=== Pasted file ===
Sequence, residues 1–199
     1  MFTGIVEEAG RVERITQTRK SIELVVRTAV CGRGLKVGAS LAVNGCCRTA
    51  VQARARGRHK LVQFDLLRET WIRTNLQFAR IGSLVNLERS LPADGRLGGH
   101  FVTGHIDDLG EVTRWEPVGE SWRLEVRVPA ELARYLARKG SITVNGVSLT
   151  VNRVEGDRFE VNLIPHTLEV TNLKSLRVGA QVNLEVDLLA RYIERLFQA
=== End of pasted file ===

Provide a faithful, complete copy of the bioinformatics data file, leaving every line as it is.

Sequence, residues 1–199
     1  MFTGIVEEAG RVERITQTRK SIELVVRTAV CGRGLKVGAS LAVNGCCRTA
    51  VQARARGRHK LVQFDLLRET WIRTNLQFAR IGSLVNLERS LPADGRLGGH
   101  FVTGHIDDLG EVTRWEPVGE SWRLEVRVPA ELARYLARKG SITVNGVSLT
   151  VNRVEGDRFE VNLIPHTLEV TNLKSLRVGA QVNLEVDLLA RYIERLFQA